Unable to sleep? Don’t panic!
The more you try to go to sleep, the harder it becomes. Instead just enjoy the rest, the comfortable bed, and the fact you do not have to do anything for a few hours.
Just as there are many different reasons why people are not able to sleep, so there are also many different solutions. Keep reading to find out more.
Your bedroom is for sleeping, so let be restful, a space of quietness and calm. Eliminate distractions, loud colors and noise.
It should also be dark and cool. Our bodies have adapted through the ages to bright daylight and dark, cool nights.
The bed should be comfortable. The pillows neither too hard, too soft or absent, and the mattress not too old.
Before you go to bed
Relax, calm down and unwind.
Habits are reassuring and comforting. We all need a quiet time before going to bed. Children do not need hyperactive games just before bed or scary films, and neither do we. We need to feel safe before we allow ourselves to sleep.
Baroque music is especially relaxing as the beat is often around 60 per minute, the same as the heartbeat of your mother, the first sound you heard.
A restful routine, maybe a cup of camomile tea. The process of warming the pot, making the tea, drinking from your favorite cup is relaxing. Or maybe you prefer a cup of warm milk or cocoa – milk has proven sleep-inducing effects.
Pop in your anti snoring mouthpiece. Using these over-the-counter devices help improve airflow. Popular ones are Zyppah and SnoreRx.
Avoid ordinary tea, coffee, and coke which all contain caffeine – and this will keep you awake. Save them for the morning, to help you wake up.
Certain foods have sleep-inducing properties. For example, turkey contains tryptophan, which relaxes the brain. Lettuce too has soporific effects. But avoid cheese and tomatoes which make sleeping difficult.
Alcohol can help you drop off, but the sleep is often broken, and frequently you wake up far too early. It also acts as a diuretic and makes people need to urinate more frequently.
Our natural body clocks have a roughly 24-hour cycle. When we disrupt this, our body clocks take time to readjust. This readjustment happens when we use “daylight” bulbs. We produce a hormone, Melatonin, which helps us to sleep, but Melatonin works best when it is dark.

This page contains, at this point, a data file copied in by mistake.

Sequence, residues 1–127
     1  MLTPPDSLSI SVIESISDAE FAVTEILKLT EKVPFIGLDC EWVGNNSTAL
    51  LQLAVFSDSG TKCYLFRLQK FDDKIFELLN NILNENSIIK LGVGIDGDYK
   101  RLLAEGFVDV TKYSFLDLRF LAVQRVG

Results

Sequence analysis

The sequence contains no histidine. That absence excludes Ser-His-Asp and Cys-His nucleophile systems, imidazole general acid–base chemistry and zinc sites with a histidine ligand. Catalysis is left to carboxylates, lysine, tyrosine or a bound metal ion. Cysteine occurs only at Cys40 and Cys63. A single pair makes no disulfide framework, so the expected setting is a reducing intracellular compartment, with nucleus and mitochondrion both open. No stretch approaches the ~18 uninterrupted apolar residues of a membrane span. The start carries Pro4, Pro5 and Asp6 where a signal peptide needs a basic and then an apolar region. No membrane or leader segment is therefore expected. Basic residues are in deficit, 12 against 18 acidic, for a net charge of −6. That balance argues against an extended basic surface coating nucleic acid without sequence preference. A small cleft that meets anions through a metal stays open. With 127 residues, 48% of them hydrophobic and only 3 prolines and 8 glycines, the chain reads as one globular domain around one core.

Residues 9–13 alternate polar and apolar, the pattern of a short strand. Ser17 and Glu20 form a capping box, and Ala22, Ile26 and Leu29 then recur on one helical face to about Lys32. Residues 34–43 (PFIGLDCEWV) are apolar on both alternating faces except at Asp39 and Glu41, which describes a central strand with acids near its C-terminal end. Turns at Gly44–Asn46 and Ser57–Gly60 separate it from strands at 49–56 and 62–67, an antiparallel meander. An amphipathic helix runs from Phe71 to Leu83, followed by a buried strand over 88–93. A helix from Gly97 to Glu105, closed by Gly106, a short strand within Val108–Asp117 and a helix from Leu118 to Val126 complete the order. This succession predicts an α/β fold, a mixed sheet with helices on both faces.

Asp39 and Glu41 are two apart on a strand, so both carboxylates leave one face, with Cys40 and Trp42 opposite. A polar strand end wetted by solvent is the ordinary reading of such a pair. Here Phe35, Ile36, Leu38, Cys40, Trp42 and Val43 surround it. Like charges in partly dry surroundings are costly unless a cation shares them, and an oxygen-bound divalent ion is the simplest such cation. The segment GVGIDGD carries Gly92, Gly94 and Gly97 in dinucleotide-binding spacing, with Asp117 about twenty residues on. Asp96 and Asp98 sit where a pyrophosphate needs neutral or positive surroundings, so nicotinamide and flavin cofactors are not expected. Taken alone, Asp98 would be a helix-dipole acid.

The blue light of electronic screens keeps us awake – it’s best not to use these within an hour before bedtime.
For those who like to use a computer in the evening, try a free program called F.lux. It automatically adjusts the color and brightness on your screen, making it look slightly pink in the evening, and reverting to normal colors by day.
Shift workers often feel tired as it’s not easy to sleep at the “wrong” time. Goggles to cut down the light have been tried with limited success.
Jet lag may affect people who fly across the time zones. It happens because your internal body clock is still set to the time zone from which you started. It takes time to readjust. Drink plenty of water as dehydration makes jet lag worse (and alcohol is dehydrating). If you are a frequent flyer who suffers from jet lag – consult your doctor. It has been proven that treatment with melatonin can be effective.
Hunger is another cause of lack of sleep. Although you may not feel hungry, having less food during the day may cause you to wake up at night as your body is not used to it. If you are dieting or your eating habits have changed, your sleep can be affected.
If you have a medical condition, it is worth consulting your doctor to check whether the condition itself or any of the medications are affecting your sleep. Very often it’s the worry about the illness that keeps you awake, and you need to discuss these fears with your doctor.
Some over the counter remedies may help but others like the popular St John’s Wort, can have very serious side effects and it reacts with many other medications.
Some conditions which often affect sleep include depression, sleep apnea and restless leg syndrome (RLS). You should see your doctor if you are depressed, or if you are a loud snorer, as this may indicate you have sleep apnea which can lead to other health problems.
There are some simple things you can do to alleviate the symptoms of RLS.
They include mild exercise, hot showers and medication from your doctor to be taken BEFORE the usual time of onset of symptoms.
Doctors are cautious about prescribing sleeping pills as the commonly used benzodiazepines were addictive. But antihistamines have been proved relaxing as a temporary solution.
Waking at night
Waking at night is not unusual. If you can’t get back to sleep just get up for an hour or so and do something you enjoy and might not usually have time to do.
There are many things you can do to help you sleep, from avoiding light at night to drinking camomile tea. A healthy day time routine including fresh air and exercise help but the most important mindset is to relax.
Chief editor here at Snore Nation and a proud father of two cool boys. I am a reformed snorer, a reformed smoker, a reformed overeater, a reformed city dweller and a reformed workaholic stress monster on the mission to share my insider tips to restore that quality sleep for you and your partner!